Earlier this year, we partnered with Bat Survey Solutions to survey for bats at Swift River Pecans, where MTBC is currently testing characteristics of bat house success in Texas. The goal was to identify bat species using native pecan forests and cultivated orchards and to document their role in agricultural pest control. We identified seven species using mist nets, harp traps, and acoustic monitoring, including Brazilian free-tailed bats, evening bats, and cave myotis. These species are known to occupy bat houses and other man-made structures, increasing the potential for attraction to bat houses on these properties. Many insect pests listen for bat echolocation and flee areas where bats are heard, making bat houses a unique tool for commercial growers.
This fall, we will be partnering again to bring you an educational workshop where you’ll visit the orchards along the San Marcos River in Central Texas, the birthplace of the commercial pecan industry. You’ll be immersed in the world of bats and agriculture, while learning field survey techniques including mist netting and acoustics. Participants will be able to see bats up close and view live echolocation recordings. This Discovery Workshop showcases a holistic approach toward commercial agriculture that safeguards native soils, water, and wildlife – including bats!
Dates: Thursday thru Saturday 22-24 September 2022
3 nights / 2 days
Cost: $275 per person before September 1, $325 after (LIMITED CAPACITY)
Activities: Thursday night kicks off with a picnic dinner and spectacular bat emergence at the famous Bracken Cave Preserve, just north of San Antonio.
Friday morning (9am) formal instruction begins and will conclude by Saturday night (10pm). Field trips include exploring Central Texas bat habitat, building artificial roosts, and visiting both commercial and native pecan groves to learn about sustainable agricultural practices.
Additional evening programs to see bats in the wild are planned for Friday and Saturday. We will capture live bats in the orchards with mist nets and harp traps and record the echolocation calls of bats flying overhead.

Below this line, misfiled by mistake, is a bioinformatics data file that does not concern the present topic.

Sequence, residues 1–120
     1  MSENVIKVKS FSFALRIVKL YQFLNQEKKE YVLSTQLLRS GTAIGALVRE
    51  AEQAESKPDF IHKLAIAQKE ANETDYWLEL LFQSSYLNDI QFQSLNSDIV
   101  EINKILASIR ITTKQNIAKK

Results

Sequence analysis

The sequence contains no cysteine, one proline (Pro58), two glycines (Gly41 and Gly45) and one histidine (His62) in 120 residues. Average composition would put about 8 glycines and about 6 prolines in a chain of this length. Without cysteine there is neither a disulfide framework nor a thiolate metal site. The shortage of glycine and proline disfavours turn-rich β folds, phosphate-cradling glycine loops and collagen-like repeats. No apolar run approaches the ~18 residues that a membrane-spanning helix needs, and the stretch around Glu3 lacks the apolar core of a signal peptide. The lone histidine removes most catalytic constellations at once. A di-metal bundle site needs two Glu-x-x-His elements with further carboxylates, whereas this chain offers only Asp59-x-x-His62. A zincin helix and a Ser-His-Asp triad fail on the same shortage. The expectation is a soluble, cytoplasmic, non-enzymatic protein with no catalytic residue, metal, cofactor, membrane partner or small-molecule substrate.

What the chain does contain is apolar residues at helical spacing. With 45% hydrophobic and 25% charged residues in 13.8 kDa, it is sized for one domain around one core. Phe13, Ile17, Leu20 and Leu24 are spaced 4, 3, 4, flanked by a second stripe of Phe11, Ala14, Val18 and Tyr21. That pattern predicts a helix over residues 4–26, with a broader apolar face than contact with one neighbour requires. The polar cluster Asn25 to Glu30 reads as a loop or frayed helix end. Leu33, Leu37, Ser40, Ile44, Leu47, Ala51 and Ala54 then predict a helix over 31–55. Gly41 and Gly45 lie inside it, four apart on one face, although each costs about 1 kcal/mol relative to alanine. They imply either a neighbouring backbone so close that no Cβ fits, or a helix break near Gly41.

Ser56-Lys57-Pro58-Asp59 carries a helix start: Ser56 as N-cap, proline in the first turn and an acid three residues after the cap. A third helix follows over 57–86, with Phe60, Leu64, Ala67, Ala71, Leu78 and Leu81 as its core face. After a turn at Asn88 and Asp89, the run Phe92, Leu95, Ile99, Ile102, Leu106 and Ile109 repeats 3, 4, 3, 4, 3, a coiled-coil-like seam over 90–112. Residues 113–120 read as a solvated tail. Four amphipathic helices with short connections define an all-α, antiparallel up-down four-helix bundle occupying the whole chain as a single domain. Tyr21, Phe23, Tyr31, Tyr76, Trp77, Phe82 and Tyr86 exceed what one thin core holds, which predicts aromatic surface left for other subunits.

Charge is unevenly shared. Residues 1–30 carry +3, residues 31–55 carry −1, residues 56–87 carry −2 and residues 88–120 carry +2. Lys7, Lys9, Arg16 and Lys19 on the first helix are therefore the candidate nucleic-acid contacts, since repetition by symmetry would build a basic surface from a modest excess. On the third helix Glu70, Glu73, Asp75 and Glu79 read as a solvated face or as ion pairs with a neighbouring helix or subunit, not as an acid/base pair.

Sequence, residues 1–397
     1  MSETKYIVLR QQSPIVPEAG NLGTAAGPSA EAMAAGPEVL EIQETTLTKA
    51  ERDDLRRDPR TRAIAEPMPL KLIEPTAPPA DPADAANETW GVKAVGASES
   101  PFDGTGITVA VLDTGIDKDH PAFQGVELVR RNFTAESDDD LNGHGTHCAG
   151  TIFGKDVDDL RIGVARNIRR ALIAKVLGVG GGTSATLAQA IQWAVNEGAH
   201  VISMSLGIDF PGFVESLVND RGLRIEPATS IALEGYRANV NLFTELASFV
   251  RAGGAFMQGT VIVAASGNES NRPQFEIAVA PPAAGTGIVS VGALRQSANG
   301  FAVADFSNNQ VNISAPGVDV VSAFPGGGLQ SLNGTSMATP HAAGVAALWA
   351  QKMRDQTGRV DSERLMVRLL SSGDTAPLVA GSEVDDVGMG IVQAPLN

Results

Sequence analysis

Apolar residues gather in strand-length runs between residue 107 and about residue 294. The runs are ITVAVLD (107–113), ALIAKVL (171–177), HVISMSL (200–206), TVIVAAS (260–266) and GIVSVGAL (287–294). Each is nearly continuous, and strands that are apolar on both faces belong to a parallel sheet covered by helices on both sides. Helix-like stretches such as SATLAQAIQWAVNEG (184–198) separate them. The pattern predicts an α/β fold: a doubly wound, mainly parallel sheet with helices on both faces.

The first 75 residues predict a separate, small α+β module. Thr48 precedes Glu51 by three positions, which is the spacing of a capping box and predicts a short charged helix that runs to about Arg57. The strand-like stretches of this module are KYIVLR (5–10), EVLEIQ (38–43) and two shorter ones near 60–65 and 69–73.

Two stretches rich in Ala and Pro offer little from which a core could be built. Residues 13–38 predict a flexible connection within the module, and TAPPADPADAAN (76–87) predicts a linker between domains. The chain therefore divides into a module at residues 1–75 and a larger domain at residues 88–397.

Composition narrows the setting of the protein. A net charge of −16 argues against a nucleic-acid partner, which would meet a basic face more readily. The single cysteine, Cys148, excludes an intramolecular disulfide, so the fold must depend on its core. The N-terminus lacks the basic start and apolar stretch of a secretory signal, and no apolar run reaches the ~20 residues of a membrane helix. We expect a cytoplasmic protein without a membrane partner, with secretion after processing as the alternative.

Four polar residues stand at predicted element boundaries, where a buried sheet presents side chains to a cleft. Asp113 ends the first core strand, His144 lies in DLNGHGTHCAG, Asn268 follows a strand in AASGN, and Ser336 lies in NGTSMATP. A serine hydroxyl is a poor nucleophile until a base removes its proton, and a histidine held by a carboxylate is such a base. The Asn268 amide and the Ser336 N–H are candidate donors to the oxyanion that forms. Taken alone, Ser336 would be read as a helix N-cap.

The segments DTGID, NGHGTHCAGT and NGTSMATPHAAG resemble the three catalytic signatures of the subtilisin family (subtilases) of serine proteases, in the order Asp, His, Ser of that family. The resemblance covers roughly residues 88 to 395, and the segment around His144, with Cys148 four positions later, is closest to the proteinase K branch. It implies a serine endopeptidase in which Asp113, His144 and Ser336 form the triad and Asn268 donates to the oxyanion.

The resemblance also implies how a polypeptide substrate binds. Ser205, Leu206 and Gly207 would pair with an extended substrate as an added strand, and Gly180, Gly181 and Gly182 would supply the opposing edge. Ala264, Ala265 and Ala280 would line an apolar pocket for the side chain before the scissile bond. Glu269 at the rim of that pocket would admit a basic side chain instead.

Lodging: Participants must make their own lodging arrangements. For convenience, we suggest booking at the Courtyard Marriott. Discounted rates are available under Merlin Tuttle’s Bat Conservation until September 11.
Meals: Picnic dinners are provided on Thursday, Friday, and Saturday. Vegetarian fare is available with advanced notice. Breakfast and Lunch are on your own, with many restaurants to choose from in San Marcos.
Pre-course Preparation: There is no prerequisite for this workshop. All naturalists, educators, students, aspiring bat biologists, animal-lovers, and anyone interested in learning more about bats as a form of integrated pest-control and agricultural health are welcome to attend! Though the instruction and activities are geared towards adults, mature school-age children are welcome with an accompanying parent or guardian. Registered participants will receive information about how to prepare for the trip, including a suggested packing list and directions to field sites via email.
This workshop includes many opportunities for field trips and nighttime work with bats. A headlamp is suggested in addition to a secondary light source for participation in evening and nighttime activities. Participants will not be allowed to handle bats, but photography and echolocation call recording is permitted.
Photos: (top, L-R) removing an eastern red bat from a net; portrait of an eastern red bat (Lasiurus borealis); setting up a mist net; (middle) Brazilian free-tailed bats emerging from Bracken Cave in 2022; (lower right) recording bats’ echolocation; (bottom right) Merlin Tuttle photographing as team erects mist net pole.